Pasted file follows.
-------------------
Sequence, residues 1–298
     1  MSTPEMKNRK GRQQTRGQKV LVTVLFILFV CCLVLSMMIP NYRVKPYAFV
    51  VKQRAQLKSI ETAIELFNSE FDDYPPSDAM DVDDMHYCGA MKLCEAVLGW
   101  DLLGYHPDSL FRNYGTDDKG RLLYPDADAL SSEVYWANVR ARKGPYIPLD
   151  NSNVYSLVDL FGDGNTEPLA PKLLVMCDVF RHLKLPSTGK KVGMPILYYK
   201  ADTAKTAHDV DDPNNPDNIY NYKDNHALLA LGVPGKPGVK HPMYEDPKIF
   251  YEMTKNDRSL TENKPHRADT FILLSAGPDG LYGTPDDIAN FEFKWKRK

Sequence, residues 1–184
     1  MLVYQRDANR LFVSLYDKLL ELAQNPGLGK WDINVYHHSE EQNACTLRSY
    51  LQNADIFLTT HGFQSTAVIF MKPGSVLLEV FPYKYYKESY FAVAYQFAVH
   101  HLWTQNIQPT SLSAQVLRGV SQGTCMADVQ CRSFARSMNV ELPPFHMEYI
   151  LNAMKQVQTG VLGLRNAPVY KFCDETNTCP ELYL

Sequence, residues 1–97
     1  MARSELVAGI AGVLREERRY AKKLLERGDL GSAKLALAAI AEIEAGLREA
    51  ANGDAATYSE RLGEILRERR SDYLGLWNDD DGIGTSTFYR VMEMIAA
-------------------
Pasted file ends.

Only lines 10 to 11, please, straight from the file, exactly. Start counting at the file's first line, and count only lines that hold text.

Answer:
    51  LQNADIFLTT HGFQSTAVIF MKPGSVLLEV FPYKYYKESY FAVAYQFAVH
   101  HLWTQNIQPT SLSAQVLRGV SQGTCMADVQ CRSFARSMNV ELPPFHMEYI